Everything I do is about helping clients solve problems: visualizing creative new functionality, fixing usability issues, finding the right interface controls… But coming up with solutions to complex problems isn’t easy. It requires a lot of brain power, creative thought and teamwork, but sometimes you hit the wall. We’ve all been there: pressed against a deadline, buried in laptops non-stop, surviving on little sleep and barely taking time to eat. Yet it is during these moments when the best thing to do is just… leave. That’s when I go for a run.
Why would I leave when the deadline is looming, the client is waiting, and there are major decisions to be made? The answer is simple: I come up with some of my best, most creative ideas when I’m jogging. You’ve probably had this experience too: Remember that great concept you had in the shower? Or that thing you fixed while sitting in traffic? It turns out that we all have better ideas when we’re relaxed: doing a simple task and letting our minds wander. What’s more, there’s actual sciencey-stuff behind it: Why we have our best ideas in the shower: The science of creativity which claims that dopamine created by the brain during enjoyable activities yields great ideas.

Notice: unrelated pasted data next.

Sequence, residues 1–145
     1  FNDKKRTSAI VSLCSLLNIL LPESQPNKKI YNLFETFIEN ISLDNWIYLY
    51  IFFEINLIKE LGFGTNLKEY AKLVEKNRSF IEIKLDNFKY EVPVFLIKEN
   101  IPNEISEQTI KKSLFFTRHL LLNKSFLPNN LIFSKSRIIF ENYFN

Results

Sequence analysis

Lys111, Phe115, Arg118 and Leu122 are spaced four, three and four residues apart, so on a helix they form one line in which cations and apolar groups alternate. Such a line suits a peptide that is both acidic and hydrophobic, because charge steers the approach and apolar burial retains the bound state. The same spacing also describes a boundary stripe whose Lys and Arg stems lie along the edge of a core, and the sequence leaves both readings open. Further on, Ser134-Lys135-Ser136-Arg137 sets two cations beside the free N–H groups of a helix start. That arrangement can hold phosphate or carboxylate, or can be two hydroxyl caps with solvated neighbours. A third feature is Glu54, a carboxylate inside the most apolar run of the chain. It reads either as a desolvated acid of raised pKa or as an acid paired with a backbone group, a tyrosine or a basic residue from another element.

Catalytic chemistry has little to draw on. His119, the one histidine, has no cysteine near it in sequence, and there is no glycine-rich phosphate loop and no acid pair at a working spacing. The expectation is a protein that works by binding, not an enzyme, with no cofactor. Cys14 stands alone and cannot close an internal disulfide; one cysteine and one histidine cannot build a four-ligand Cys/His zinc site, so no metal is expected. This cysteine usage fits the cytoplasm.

So when I get stuck trying to figure out how something should work: I go run. Fresh air, no screens, my brain is free, and my mind wanders. I usually don’t pay attention to what I’m thinking. I’m not explicitly trying to solve problems, but it’s during those moment of thinking nothing that the solution presents itself without me even trying. Not always, but often. And even if I come back to my desk without having solved world peace, I am usually better prepared to tackle the problem again. I’ve taken to joking about this habit by calling it my “5-Mile Brainstorm” and suggesting to my clients that I charge by the mile. (Well, that idea hasn’t stuck yet.)
But what I’ve discovered about creative thinking and why it’s so much easier to come up with good ideas while relaxing is not just about the science or my own experiences, but about reducing my dependence on screens for finding solutions to problems. I have access to too much information. Need an idea? Google it. Looking for a design pattern? Dribbble. Find a bug? Search forums. Often, my access to answers hinders my ability to truly be creative and solve problems with good, old-fashioned thought. When I intentionally put myself in situations where I can’t access those screens, I have no choice: I’m all on my own.
So what do you do when you get stuck? Give yourself the freedom to break out of the rut and go find your creative groove. You’ll be healthier and you’ll love how well it works.